She adds Soul Werk also “makes space for folks to bring in their faith tradition.”

Ford said she understands the positive role that spirituality and religion play in Black and brown communities. But she noted spirituality and religion can be detrimental if, for example, someone facing mental health challenges doesn’t seek out needed professional counseling because they believe they can “pray it away” versus their “having conversations and seeking out professional support that can work in conjunction with faith.”

At Soul Werk, which has five therapists and two therapy interns, all African American, “we’ve tried to make sure our clinicians and therapists reflect the communities we serve,” Ford said.

Besides serving Black and brown communities, a focus is on serving members of the lesbian, gay, bisexual, transgender, queer, intersex and asexual community and clients with nondominant and dominant faith traditions and spirituality practices, she said.


Before launching Soul Werk Cafe, Ford worked in an inpatient psychiatric unit in Harvey, an outpatient psychiatric facility in Joliet in substance abuse counseling and at a community mental health site on the Southeast Side of Chicago, she said.

“Community mental health is great,” said Ford. “It allows you to serve Black and brown populations, but there’s a lot of bureaucracy.”

She began practicing privately in 2019 and incorporated Soul Werk Cafe in 2020. She decided to launch her own practice to “create a space where folks felt like they were with community, with tribe and with village,” she said.

That entails honoring all the professional limitations that are in place as it relates to regulation, licensure and professional requirements, “but also offering folks therapy and emotional support that met them where they were but offered a vision of what they could accomplish and show up to be,” she shared.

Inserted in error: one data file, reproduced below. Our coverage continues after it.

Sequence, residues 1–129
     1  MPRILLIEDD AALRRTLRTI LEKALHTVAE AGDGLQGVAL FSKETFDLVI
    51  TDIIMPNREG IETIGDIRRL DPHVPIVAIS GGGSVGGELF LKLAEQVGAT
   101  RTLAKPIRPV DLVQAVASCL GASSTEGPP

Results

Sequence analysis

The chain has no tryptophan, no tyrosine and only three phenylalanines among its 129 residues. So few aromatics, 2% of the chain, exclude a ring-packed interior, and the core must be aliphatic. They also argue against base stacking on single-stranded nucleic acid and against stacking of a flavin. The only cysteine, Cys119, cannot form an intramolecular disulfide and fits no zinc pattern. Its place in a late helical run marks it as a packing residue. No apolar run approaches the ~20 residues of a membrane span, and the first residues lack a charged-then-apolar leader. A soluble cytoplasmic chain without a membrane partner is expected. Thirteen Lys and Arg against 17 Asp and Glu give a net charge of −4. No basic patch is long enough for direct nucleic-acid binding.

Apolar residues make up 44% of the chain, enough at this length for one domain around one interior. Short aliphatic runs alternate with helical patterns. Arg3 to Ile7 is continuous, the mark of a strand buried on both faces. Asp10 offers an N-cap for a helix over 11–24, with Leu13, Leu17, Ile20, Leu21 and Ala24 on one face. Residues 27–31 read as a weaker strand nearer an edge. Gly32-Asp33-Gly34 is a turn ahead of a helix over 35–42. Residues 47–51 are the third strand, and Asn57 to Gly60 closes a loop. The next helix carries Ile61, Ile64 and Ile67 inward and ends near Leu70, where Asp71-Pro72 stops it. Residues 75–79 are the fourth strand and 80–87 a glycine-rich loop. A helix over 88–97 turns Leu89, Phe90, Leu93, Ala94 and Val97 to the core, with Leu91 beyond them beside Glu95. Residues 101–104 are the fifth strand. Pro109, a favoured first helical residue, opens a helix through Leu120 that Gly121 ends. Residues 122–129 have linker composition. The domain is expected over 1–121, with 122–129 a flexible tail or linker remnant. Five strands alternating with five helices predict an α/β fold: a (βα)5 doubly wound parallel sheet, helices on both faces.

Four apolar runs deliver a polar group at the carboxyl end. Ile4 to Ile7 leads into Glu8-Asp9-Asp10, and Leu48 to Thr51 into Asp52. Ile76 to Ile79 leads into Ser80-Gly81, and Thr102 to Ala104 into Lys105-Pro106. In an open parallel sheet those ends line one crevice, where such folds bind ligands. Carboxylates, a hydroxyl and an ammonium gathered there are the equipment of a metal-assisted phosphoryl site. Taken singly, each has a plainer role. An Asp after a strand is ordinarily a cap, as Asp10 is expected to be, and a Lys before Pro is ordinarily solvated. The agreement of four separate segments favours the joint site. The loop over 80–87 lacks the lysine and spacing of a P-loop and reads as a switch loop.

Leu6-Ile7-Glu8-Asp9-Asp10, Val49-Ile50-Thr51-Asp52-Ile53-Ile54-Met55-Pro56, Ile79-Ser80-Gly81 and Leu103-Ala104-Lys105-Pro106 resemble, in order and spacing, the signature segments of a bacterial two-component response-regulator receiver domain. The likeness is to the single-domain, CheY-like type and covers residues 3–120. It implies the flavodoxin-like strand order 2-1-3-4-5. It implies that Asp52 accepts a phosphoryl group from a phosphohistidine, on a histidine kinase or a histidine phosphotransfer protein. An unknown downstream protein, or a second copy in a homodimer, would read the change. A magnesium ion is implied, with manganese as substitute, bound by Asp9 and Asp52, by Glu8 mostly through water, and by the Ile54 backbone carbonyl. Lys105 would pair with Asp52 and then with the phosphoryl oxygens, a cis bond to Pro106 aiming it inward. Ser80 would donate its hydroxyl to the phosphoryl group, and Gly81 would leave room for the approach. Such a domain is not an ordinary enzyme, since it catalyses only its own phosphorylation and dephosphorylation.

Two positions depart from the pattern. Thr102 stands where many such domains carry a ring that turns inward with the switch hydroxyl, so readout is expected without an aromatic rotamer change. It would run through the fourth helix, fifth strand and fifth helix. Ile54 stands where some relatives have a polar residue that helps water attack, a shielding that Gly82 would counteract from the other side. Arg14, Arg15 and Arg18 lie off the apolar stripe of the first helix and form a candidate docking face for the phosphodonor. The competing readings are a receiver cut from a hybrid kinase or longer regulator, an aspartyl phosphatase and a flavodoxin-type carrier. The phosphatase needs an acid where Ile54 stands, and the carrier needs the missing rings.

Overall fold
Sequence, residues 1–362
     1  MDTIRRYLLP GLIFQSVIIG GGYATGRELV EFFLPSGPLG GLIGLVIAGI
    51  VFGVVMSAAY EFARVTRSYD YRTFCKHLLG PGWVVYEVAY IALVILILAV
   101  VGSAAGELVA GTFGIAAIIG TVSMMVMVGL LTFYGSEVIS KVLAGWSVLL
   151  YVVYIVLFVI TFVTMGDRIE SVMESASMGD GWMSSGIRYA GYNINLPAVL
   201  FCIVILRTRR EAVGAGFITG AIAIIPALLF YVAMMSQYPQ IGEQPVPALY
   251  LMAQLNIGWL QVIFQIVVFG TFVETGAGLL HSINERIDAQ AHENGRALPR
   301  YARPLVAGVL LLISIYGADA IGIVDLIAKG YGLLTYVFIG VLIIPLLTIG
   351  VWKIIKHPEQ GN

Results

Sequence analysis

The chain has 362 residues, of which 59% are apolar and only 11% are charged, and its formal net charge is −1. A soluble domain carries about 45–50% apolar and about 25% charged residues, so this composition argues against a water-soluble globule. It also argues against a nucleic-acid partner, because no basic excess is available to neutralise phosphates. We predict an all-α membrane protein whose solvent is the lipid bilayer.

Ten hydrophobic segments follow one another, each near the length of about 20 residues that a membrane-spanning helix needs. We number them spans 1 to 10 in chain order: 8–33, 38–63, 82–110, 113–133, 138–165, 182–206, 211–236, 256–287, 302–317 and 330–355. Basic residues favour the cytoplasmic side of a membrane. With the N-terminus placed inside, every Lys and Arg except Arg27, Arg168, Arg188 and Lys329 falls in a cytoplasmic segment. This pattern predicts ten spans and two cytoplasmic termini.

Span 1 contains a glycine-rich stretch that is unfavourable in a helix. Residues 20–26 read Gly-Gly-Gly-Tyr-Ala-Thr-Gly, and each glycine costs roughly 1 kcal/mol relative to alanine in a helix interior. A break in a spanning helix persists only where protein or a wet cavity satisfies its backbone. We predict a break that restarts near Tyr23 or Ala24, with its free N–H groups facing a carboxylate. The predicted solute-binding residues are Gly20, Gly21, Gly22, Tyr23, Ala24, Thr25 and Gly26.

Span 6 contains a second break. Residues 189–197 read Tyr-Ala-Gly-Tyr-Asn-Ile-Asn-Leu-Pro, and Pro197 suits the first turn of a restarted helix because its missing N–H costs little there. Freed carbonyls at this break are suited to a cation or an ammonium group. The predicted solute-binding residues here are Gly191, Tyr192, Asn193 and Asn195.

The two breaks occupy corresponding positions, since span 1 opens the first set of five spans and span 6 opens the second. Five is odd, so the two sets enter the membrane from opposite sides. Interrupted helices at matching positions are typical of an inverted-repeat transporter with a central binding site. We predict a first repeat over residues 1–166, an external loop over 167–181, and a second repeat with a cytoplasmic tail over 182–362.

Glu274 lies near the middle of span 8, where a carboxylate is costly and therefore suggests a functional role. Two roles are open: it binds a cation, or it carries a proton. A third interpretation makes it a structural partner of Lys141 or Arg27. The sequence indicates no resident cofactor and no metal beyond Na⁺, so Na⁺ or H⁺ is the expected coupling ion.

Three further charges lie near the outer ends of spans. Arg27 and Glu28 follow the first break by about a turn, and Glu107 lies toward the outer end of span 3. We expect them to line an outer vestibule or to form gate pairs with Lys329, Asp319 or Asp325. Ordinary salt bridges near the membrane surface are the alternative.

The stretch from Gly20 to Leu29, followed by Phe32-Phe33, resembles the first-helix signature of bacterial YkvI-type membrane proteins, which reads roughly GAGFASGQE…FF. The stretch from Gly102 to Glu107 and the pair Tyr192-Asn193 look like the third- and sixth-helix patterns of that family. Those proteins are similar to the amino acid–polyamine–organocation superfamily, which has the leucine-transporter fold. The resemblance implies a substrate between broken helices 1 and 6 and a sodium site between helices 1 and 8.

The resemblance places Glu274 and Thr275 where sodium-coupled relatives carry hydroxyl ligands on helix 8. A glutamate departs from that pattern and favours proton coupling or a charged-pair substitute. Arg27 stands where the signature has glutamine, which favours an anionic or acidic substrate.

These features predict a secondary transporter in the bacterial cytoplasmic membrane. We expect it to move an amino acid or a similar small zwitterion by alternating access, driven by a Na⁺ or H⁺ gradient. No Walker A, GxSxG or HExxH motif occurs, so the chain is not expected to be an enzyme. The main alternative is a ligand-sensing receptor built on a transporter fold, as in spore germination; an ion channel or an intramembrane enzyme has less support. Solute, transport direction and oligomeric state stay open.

That includes helping clients rebuild and repair major relationships in their lives and within themselves.

“Our motto is that once you enter this healing journey and process, as you’re healing you heal everything that is connected to you,” she said.


The planning and treatment process begins with conversations about values and beliefs and building a community care plan.

“As people begin to deal with old traumas, they need support that goes beyond what you get with me for one hour a week,” she said.

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Clients are asked who they have in their lives “who can help support you on your journey. If you say nobody, we do work around what does that look like and why, what does it look like to repair relationships,” said Ford.

Asked what trends she has observed among clients since the start of the continuing COVID-19, pandemic, she said anxiety and depression are leading folks to seek counseling. They are worried about their work environments and what happens if they contract COVID-19, and how that would affect their families and income.

Some people have been depressed about having to return to the office because they are going back into situations where “underlying oppressive factors of racism come into play, identity politics and economics around who gets to stay home and who doesn’t,” she said.

But she has also observed among clients a focus on autonomy and self-care.


“This pandemic has highlighted where people are dissatisfied, and they are recognizing they have more control to change their course than they previously believed that they had,” she said.

Francine Knowles is a freelance columnist for the Daily Southtown.